Shots Fired: ‘Sydney Crowds Are Just A Bit Lazy. They Don’t Want To Hear Anything New’


Would I recommend this seventeen-minute documentary? Only to someone interested in the DJ scene.

Coming off like a very discount VICE Noisy, ‘We Share The Language of Rhythm’ by Jasmine Higgins is all about the Sydney club scene and its female disc jockeys.

It touches on some juicy subjects – as you would expect when focussing on women in Sydney’s club scene.

The MeToo movement, the same-sex marriage vote, US versus Australian crowds, and lock-out laws are all discussed in conjunction with chat about the past and future of the scene.

DJ SPORTS (Madi Carr) said this on the closing of the King’s Cross: “No shade to Sydney, but I feel like we are just a little more apathetic than we could be”.

Back from playing sets in New York City, Ebonyboadu (Ebony Boadu) also gently tried to break the news that Sydney wasn’t all that, “Sydney crowds are just a bit lazy. They don’t want to hear anything new, or they want to hear 90’s R&B,” she said in her interview.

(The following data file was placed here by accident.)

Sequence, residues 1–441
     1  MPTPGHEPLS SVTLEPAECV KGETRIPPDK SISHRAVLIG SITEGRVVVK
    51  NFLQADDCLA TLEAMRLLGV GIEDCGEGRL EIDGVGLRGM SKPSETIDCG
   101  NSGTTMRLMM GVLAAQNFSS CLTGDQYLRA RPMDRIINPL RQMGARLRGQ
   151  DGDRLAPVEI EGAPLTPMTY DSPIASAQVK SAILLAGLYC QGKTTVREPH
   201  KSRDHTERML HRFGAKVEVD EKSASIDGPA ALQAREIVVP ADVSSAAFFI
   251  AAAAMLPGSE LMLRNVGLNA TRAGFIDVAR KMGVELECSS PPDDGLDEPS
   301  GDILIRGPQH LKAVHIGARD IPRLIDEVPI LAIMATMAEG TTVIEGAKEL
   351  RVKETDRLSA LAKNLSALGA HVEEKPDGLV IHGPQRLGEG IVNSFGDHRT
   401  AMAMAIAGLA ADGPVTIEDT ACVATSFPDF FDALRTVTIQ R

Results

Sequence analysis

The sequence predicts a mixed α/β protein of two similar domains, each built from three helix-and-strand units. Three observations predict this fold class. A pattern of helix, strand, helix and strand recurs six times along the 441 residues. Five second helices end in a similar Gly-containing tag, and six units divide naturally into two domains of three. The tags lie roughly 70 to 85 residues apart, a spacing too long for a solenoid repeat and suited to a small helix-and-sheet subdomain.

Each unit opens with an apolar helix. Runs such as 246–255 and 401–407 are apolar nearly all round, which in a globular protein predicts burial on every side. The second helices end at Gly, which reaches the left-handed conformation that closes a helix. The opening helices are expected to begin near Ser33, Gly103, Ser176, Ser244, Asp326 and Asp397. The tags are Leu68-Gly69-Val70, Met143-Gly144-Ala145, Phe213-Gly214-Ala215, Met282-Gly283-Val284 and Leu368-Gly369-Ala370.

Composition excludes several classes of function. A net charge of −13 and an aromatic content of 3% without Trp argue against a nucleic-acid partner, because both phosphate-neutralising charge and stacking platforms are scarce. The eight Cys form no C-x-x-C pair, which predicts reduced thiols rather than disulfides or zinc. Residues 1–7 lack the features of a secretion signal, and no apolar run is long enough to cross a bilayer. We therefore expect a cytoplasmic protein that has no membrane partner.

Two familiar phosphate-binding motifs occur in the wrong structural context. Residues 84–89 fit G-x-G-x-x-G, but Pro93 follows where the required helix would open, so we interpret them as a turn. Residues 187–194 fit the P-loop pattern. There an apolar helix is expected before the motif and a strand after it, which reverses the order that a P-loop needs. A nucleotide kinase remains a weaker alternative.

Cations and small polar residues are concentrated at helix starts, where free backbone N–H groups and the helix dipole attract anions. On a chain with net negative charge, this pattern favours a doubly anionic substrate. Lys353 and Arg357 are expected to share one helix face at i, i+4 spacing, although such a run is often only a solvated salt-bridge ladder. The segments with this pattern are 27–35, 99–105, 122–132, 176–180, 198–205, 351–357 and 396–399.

As far as production goes, there is nothing slick about this film, but it’s pleasant enough to come across as ‘hand-made’ rather than bad. It almost inspired me to go out and start harassing people for interviews because ‘I reckon I can do better’ is a thought you might have a few times while watching it.

Overall, if you’re thinking of watching “We Share The Language Of Rhythm” (which, granted, is a cool title) it is best you already have an interest in DJ-ing because there is not a lot of contextual fat to this doco, just some very interesting Australian DJ’s straight-talking down the barrel of a camera.

If that’s your jam, check out the full film for free here:


This article was written by Daneka Hill.

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